Six Steps to Better B and B Access, Even when there is no Access

On the face of it, there is no disability access to Two Rose Cottages, but that’s not the end of the story!

Here’s the thing.  There are five steps up to my front door, and the staircase to the bedrooms is almost alpine. This is an architectural reality of the house which I cannot change: a characteristic shared with many other buildings, including most of the shops, in charming, historic Midhurst.

This is a picture of the staircase when I moved in.  It is, as you can see, steep.


Sadly therefore, Two Rose Cottages is not the place for people restricted to wheel chairs or walking frames.

But there are many kinds of disability, some visible, some not, and so there were several things that I could do so that as many people as possible would feel included.

Here are some of the things that I did:-

1.  Information: I wrote about the issue clearly on my website, so that everyone (with and without a disability) knows what to expect, and can more easily make their choice. For example, there is information on potential tripping hazards (such as rugs – none in the bedrooms), the height of thresholds, and which taps have lever handles.

You can see what I wrote here.

2.  Support: I installed handrails for the bathtub and each shower, beside the outdoor steps to the guest front door and on both sides of the staircase.  I find these useful myself!

3.  Arthritis: is so common that we don’t really think of it as a disability. But for some it can be.  I installed as many lever taps as possible, and ensure that all my table lights have toggle rather than twist switches. (see also Comfort, below)

4.  Sight: menus and guest information documents are available in large print upon request.  Light switches are outlined in black, so they can be more easily discerned by those with partial sight.  On the other hand, most of the door handles are white, like the doors themselves, so this is a potential difficulty.  When I replaced one set I chose a handle with a stencil design.  This is in keeping with the decor of the house, while making the handle easier to see for some.  I’m told it helps.  I will gradually change all the handles.

5,  Allergies:  all bedding and furnishings are hypo-allergenic, and we willingly respond to any specific dietary needs, such as a wheat free, nut-free or lactose-free breakfast (for that matter we are completely open to dietary preferences, such as a vegetarian or vegan diet, and always have locally-produced lamb sausages in the freezer, for those who do not eat pork).  It is not a nut-free house, so it may not be suitable for all, but we are happy to remove nuts and other allergens from the guest areas as much as we can.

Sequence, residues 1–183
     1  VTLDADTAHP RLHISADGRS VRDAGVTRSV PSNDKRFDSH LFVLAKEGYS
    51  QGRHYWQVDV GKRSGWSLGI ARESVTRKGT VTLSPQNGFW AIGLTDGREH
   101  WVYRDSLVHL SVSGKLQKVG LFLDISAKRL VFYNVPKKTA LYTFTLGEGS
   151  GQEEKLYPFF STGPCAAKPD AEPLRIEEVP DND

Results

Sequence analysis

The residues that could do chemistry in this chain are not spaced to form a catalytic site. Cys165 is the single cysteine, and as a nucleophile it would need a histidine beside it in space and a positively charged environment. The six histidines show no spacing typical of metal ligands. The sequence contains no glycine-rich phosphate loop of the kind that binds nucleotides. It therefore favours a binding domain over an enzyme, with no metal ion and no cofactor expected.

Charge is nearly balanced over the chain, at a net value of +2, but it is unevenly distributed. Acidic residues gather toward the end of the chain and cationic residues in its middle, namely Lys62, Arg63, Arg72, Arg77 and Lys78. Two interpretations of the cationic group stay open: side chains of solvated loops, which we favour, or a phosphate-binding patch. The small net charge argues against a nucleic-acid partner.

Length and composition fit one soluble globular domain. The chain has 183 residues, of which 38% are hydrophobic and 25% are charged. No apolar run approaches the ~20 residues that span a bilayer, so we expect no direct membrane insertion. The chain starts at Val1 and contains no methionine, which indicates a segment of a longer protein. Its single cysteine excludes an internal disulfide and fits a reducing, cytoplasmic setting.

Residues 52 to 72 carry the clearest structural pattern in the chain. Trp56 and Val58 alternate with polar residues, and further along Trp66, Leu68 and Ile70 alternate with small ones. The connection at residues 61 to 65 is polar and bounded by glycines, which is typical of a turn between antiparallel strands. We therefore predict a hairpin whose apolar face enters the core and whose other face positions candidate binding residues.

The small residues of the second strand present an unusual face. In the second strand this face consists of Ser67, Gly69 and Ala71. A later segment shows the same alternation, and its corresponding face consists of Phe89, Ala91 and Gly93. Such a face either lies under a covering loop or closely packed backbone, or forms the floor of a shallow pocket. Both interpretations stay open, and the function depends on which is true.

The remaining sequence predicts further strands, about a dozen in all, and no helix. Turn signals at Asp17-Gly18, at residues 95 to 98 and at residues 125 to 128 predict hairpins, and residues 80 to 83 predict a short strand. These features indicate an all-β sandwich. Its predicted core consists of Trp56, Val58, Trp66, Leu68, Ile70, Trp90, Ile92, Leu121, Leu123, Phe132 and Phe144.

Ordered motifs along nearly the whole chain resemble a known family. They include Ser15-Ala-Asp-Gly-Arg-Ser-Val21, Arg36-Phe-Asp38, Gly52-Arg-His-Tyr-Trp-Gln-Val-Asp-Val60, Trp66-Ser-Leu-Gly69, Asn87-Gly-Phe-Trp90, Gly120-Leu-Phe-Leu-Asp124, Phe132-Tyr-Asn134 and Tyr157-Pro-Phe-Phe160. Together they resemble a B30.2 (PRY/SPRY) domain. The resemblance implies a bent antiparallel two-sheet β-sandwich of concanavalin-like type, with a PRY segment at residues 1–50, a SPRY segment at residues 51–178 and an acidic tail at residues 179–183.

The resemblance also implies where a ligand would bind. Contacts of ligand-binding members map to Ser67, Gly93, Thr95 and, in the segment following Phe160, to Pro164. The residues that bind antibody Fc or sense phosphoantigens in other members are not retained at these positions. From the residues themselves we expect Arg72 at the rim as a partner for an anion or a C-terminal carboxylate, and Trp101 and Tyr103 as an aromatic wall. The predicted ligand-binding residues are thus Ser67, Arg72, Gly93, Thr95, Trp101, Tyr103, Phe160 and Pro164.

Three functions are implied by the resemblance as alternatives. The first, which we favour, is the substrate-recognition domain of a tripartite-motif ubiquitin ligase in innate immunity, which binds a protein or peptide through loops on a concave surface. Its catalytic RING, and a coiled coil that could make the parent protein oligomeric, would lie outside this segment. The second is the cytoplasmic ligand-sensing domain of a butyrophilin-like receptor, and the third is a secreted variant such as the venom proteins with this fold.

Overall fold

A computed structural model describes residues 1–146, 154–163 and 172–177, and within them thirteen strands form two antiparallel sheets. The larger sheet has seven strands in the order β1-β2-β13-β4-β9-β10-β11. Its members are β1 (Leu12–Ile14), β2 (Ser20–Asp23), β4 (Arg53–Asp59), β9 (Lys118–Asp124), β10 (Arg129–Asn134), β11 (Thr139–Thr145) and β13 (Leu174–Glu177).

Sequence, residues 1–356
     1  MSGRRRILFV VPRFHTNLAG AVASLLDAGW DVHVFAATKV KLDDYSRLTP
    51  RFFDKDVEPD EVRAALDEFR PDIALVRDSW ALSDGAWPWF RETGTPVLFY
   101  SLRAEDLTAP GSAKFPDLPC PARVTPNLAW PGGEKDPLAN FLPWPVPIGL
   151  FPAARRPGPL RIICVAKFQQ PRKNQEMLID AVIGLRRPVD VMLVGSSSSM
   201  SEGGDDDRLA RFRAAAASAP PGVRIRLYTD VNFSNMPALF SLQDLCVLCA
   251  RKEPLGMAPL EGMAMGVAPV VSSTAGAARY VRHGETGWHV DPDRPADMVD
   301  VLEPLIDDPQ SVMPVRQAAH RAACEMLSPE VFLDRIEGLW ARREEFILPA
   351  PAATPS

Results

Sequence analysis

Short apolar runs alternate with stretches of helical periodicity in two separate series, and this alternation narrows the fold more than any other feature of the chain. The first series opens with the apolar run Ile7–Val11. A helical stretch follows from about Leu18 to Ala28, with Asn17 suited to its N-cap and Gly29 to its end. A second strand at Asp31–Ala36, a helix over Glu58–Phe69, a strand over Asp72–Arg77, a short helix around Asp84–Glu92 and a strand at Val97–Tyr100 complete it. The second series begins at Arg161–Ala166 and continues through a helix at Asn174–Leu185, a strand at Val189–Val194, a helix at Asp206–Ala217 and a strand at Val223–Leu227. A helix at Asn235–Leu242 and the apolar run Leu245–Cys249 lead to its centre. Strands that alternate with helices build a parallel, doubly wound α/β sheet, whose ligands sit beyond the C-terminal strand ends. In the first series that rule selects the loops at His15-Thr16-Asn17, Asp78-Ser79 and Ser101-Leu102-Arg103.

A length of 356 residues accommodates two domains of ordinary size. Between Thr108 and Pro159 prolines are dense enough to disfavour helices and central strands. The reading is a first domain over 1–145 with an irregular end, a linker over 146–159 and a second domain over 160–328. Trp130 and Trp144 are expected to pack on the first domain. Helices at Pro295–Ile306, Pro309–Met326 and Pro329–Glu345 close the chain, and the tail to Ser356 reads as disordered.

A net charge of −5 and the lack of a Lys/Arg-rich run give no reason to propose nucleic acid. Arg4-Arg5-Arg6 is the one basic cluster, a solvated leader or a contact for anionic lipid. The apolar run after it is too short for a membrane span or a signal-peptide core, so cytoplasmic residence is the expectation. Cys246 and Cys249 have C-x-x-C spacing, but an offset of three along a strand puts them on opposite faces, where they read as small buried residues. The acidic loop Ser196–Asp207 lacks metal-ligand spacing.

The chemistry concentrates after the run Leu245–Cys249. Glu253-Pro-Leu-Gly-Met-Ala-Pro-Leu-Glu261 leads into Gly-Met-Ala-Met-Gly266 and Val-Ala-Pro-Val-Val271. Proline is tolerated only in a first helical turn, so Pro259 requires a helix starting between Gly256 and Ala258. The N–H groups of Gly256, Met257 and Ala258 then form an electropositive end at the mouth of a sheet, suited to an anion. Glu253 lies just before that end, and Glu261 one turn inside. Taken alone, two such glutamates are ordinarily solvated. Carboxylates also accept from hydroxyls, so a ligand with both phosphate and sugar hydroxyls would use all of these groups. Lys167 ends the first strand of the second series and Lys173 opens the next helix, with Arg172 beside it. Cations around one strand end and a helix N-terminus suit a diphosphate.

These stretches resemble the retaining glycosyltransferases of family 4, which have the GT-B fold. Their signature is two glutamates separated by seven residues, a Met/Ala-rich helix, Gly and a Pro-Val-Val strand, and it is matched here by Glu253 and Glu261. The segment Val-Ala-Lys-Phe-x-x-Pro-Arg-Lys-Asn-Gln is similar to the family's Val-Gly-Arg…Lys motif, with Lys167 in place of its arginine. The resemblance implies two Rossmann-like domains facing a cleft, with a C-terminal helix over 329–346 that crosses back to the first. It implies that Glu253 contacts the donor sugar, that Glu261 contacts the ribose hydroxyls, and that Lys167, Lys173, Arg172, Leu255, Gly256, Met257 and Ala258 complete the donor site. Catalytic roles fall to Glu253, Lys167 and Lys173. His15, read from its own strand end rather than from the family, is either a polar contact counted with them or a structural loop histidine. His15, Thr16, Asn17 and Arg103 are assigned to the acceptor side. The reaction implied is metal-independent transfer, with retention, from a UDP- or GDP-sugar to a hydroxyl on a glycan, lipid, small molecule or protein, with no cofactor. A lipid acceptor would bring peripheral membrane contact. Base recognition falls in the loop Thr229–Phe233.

Two Rose Cottages is a pet-free house, although a cat did once stay in the house for four months while his owner was house-hunting around Midhurst.  He was only allowed in the private area, but we can’t guarantee that he never made it into the bedrooms! However, the rooms were very thoroughly cleaned after he left, so they should be OK for most sufferers, but not for anyone with very severe cat allergy.

We have chosen not to encourage dogs, with the exception of service dogs, partly because the general smallness of the house makes it rather unsuitable for waggy tails, but mainly to reduce potential allergens. We are not inflexible on this point, so dogs have stayed there, and we have been very happy to have them where it has been important to our guests.  Because of this, its not the place to stay if you have a very severe dog allergy, but we try to keep the risk to a minimum, and so far its been fine for everyone who has stayed here.

6.  Comfort: we have provided a choice of pillows and blankets in each bedroom (check out our pillow menu).  These benefit everyone, because we all have different comfort needs, but they are particularly useful for people with restricted mobility, who may need specific forms of support while they sleep.

In fact, as a rule of thumb I would say that what benefits people with access and mobility challenges benefits all.  So paying attention to this issue is just a win-win.

And the most important step of all?  Step 1.  Let people know you care about access.

And here’s what it did for my business

I’m glad that I took these steps so that as many people as possible would feel, and be,  welcome in my bed and breakfast.  But in addition, these actions have directly benefited my business.

This is what I know from last season: three guests made a point of telling me that they really appreciated seeing the information on the website, and two more said they specifically chose Two Rose Cottages because of this information.

None of these people had the appearance of having access problems.  For example, one had a husband with advanced cancer, and felt that I would understand their needs for extra bathroom supplies, which I did.

Another was a young couple who both had Obsessive Compulsive Disorder (OCD) and felt that I would be sympathetic to their concerns, which I was: they made a couple of requests for minor adjustments so that they would feel more comfortable, which were no trouble to provide, and we all felt happy.  They also loved the pillow menu!,

And who knows how many others it may have been drawn to my little biz by the discussion of access issues on our website, that I don’t even know about.

So don’t be discouraged if you can’t provide full access – do what you can, and who knows who may benefit (including yourself).

I am grateful to Karen Thorne of Hopton House Bed and Breakfast, who included this topic in her fabulous Bed and Breakfast workshop. @HoptonHouseBnB




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